Many women, most more eloquent than I, have said this before, but I’ll add my voice to the chorus: representation matters. Seeing strong, complex women on our screens and in our books is important.
For some reason, I never thought of myself as someone who would be moved by the presence or absence of strong female role models in the movies and TV shows I watch. Perhaps it’s my individualistic tendencies. Perhaps it’s that I’m a graduate student and I think I should be above that influence. But it’s precisely because I’m a graduate student studying culture and communication that I should know that the stories we tell shape how we view the world.
Rey in The Force Awakens got me thinking about what it means to see women taking the lead in places that traditionally foreground the stories of men. What does it mean for young girls and grown women to finally see a woman who is strong and smart and capable of saving herself? If representation doesn’t matter, if the gender of the main character has no influence on the plot of the story or the way the story is perceived by the audience, then why are films primarily about men? Why don’t we give women the same attention? I’ll let you think of your answers to those questions; you’ve probably heard a few.
These trails of thought about gender and representation followed through into election season. The closer November 8th drew, the more I began to understand how radical it would be to elect a woman as president of the United States of America. Again, before this year, I hadn’t spent much time thinking about how electing a woman would influence me. But as I watched Hillary Clinton win the Democratic nomination, something changed. I didn’t know what dreams I wanted to dream about the place of women in this world until I saw a 68-year-old woman win a major party’s nomination for the first time in our history.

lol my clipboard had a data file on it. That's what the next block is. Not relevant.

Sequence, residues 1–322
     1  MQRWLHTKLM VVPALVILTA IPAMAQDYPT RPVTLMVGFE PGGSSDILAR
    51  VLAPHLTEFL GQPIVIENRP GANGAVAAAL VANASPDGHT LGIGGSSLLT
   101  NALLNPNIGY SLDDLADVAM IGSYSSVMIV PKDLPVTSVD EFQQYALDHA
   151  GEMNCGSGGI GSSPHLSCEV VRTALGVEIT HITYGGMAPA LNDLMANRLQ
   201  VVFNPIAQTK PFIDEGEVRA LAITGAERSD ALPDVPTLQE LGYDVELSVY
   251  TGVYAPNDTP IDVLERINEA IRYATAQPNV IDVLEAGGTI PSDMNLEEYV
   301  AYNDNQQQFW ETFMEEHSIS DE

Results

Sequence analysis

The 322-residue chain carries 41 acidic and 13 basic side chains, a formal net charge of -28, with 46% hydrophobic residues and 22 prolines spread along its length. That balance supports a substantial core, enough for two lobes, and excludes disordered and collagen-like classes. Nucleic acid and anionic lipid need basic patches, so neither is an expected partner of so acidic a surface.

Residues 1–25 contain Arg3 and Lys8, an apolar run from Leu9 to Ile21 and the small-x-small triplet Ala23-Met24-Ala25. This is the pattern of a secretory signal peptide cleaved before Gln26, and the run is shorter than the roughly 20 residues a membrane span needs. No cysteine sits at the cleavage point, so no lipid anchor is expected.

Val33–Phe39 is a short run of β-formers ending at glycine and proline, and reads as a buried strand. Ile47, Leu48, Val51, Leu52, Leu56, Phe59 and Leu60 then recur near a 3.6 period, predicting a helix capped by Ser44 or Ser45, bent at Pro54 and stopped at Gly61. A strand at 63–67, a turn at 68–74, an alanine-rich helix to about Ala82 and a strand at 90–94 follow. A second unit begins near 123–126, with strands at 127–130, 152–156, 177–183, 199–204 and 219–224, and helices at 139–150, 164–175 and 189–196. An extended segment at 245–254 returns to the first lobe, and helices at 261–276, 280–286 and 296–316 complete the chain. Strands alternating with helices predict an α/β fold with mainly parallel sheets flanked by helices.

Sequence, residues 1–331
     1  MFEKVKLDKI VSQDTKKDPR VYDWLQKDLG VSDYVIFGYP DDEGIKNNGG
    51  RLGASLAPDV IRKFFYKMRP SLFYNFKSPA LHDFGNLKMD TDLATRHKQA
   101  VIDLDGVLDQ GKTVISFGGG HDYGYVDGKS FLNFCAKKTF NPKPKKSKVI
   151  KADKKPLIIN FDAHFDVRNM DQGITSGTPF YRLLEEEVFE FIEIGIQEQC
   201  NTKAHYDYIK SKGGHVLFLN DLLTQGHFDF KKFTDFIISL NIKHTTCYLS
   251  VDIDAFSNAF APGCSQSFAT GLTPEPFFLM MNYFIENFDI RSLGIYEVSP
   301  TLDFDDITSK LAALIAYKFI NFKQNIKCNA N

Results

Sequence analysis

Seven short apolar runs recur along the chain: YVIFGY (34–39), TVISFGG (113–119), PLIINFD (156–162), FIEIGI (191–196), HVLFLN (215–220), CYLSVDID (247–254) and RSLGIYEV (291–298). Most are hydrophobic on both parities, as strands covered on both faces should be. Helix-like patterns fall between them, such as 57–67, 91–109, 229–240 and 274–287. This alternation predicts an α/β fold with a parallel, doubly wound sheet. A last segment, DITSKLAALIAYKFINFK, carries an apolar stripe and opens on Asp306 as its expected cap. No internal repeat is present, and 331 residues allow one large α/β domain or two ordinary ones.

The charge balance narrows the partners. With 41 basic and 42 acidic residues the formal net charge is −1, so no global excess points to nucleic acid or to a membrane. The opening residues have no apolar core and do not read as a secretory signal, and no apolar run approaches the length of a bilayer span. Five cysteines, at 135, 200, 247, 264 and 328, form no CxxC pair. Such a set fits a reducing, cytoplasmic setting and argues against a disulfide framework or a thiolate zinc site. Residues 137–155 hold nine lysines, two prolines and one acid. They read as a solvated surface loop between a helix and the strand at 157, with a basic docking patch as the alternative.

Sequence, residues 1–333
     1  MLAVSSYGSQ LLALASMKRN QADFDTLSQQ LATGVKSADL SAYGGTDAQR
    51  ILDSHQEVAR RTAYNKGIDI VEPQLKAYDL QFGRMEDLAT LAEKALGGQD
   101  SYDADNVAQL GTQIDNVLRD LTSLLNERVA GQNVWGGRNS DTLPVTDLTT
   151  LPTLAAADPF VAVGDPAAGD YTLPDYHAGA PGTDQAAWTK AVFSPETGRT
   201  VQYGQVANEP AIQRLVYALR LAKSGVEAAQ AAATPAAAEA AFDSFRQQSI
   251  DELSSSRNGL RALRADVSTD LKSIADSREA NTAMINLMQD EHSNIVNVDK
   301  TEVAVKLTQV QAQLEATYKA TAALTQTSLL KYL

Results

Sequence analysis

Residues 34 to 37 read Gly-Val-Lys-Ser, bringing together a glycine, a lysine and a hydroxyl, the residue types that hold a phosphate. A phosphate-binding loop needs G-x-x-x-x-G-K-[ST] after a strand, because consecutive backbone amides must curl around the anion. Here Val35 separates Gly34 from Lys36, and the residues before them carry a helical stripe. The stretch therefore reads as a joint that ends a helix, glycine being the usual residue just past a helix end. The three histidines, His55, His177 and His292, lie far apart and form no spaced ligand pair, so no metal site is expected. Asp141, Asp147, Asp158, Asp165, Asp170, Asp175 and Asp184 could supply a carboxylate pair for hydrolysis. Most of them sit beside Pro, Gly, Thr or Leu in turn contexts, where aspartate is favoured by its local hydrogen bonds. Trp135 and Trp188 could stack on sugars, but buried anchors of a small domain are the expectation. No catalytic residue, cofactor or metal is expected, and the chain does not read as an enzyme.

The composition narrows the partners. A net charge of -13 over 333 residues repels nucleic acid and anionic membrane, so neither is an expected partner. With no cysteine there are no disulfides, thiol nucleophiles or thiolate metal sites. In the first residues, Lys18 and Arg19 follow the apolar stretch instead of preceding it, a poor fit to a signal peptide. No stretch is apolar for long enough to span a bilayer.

In December, I had the privilege of seeing Hamilton in Chicago. I’d listened to the soundtrack, I’d read the Hamiltome cover to cover, I follow Lin-Manuel Miranda on Twitter: Hamilton has captured my heart and imagination. I knew seeing the show live would be an emotional experience, but I wasn’t prepared for the particular ways it moved me. While listening to the soundtrack, I had always rooted for Alexander, the immigrant orphan who dreams of dying in glory. But when I watched the show, the characters who tugged at my heart the most were Angelica, Eliza, and Peggy Schuyler. I started crying when they sang their first notes, because I was overwhelmed by the mere presence of opinionated, complicated women in our nation’s revolution (and grateful for Miranda’s decision to include them so prominently in his musical).
I want to take their example and be one of those opinionated women in our century. I want to surround myself with other smart, determined women who are fighting and writing for change. I want to nag the authors of histories and anthologies to stop excluding women and people of color. I want to help the women around me achieve more and live more fully into their dreams instead of competing with them. I want to support films and TV shows and books that tell the stories of women (Hidden Figures is at the top of my to watch, I’ve heard great things). I want to be loud about what hurts me and makes me happy and not apologize for the disruption.
Women like Rey and Hillary Clinton and the Schuyler sisters help me realize that I want these things for myself. They ignite dreams.